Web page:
The sight of the solo violinist on an empty stage, with only their instrument mediating between performer and audience, has long been an intoxicating one. For many years, violin virtuosi have enraptured audiences and as reports of their performances transformed into legends, these legends became myths. Such violinists regularly composed works of their own to flaunt their skills and prove their technical credentials. This quest to prove oneself as a talented performer unsurprisingly resulted in a degree of compositional one-upmanship, especially in the 18th and 19th centuries. Yet, the competitive atmosphere also fostered a repertoire peculiarly focused on the farthest reaches of this performing endeavor. This afternoon’s program explores the remarkable diversity of these compositions, beginning with work from the height of the Baroque, and concluding with an extract from a Hollywood film score from the late 1990s.
In order to cement their reputation, a violinist-composer had to succeed at both performance and composition. This required the possession not only of a supreme command of the technical complexities of the violin, but also a thorough knowledge of musical structure and a deep understanding of how to create emotional contrast within music. Display of instrumental virtuosity can often be accompanied by charges of unsubtlety or of a seeming lack of musicality, so it is particularly interesting to look for the moments within these showpieces where this is not the case. The virtuosic instincts of the violinist-composers were regularly coupled with often-overlooked senses of drama, pacing, and emotional intelligence. This duality blurred the lines between composer and performer, with works often tailored to their very specific strengths.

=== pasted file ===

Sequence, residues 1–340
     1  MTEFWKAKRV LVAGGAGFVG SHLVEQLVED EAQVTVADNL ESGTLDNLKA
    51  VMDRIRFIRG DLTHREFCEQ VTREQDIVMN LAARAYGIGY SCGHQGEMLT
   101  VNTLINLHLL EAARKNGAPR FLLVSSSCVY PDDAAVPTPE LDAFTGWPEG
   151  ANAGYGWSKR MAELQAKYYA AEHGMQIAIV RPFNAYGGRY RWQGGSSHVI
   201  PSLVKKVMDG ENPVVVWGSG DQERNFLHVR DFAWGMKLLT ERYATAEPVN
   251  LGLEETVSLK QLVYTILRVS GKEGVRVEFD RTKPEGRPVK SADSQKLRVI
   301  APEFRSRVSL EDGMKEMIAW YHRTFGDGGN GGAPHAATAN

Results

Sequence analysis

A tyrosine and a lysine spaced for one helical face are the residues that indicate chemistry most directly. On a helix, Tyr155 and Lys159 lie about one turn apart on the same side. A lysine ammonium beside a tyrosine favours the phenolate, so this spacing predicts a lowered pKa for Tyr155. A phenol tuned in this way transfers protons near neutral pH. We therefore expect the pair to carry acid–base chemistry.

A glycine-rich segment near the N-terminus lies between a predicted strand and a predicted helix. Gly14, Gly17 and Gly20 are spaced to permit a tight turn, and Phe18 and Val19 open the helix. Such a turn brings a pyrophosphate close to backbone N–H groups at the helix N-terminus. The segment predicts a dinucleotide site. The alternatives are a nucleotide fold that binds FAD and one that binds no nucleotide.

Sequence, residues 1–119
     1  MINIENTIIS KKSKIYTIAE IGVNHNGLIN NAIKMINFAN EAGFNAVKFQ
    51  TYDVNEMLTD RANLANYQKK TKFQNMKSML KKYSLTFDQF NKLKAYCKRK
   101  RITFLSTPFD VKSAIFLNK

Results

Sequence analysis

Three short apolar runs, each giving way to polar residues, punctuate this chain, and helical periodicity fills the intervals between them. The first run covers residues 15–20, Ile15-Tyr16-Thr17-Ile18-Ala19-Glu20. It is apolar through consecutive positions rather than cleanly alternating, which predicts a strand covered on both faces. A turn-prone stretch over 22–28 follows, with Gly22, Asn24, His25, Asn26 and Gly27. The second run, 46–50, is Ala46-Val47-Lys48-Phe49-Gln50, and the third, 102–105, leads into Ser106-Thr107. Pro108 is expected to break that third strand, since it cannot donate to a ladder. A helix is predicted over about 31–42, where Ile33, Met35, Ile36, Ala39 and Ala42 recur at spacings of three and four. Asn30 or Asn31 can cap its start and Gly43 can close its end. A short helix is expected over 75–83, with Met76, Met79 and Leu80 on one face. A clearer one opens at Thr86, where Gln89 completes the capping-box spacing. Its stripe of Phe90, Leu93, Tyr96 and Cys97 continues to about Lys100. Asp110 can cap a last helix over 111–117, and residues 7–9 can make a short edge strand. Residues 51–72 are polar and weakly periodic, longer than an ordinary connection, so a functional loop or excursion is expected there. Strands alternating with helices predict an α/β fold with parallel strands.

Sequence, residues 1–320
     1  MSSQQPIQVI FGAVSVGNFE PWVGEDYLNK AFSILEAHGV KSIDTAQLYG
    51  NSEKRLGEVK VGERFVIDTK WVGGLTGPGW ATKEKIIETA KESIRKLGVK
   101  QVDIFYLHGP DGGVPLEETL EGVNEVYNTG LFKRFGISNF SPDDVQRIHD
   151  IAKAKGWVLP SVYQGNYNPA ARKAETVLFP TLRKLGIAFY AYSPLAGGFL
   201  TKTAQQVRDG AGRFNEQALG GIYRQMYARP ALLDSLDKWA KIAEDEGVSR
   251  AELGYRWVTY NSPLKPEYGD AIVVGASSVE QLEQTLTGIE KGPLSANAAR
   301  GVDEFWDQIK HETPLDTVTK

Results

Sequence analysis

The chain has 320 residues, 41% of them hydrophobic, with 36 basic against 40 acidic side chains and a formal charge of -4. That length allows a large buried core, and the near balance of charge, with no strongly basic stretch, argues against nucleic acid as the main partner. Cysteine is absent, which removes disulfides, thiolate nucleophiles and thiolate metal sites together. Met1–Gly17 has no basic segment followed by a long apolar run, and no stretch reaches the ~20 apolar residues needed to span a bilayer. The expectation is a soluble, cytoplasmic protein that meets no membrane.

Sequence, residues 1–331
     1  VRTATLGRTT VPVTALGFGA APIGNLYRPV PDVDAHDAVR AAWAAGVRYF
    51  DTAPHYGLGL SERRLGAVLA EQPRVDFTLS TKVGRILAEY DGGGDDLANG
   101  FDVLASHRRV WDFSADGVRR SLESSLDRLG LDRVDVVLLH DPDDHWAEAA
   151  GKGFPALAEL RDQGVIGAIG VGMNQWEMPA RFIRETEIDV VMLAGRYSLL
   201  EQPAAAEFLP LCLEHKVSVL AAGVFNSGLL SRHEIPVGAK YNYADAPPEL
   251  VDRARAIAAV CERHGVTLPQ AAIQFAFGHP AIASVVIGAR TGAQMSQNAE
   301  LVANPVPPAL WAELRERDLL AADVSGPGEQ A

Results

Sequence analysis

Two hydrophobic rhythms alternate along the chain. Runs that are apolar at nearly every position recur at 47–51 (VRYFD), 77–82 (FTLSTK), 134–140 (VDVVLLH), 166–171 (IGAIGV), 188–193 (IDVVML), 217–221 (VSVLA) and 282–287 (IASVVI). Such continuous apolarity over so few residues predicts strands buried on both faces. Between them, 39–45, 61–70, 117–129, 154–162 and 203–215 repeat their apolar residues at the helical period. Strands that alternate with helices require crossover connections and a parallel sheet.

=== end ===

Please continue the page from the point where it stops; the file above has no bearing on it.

The great skill of luthiers in the prominent cities of modern-day Italy, particularly between 1650-1750, sustained a rich cultivation of music for stringed instruments. The work of Venetian Antonio Vivaldi and Roman Arcangelo Corelli saw Italy become synonymous with the developing genres of the solo concerto and the more collaborative concerto grosso. Pietro Locatelli, a younger Italian contemporary of Vivaldi and Corelli, was well-versed in this tradition, but chose to abandon the collaborative spirit of the concerto grosso in favor of exploiting the virtuosic potential of the solo violin. Locatelli’s work exploits the very limits of the violin, especially within its highest reaches, and his Caprices (which functioned as optional cadenzas for several of his more “traditional” sonatas) focus attention on the soloist’s technical prowess in a manner not previously seen in instrumental music.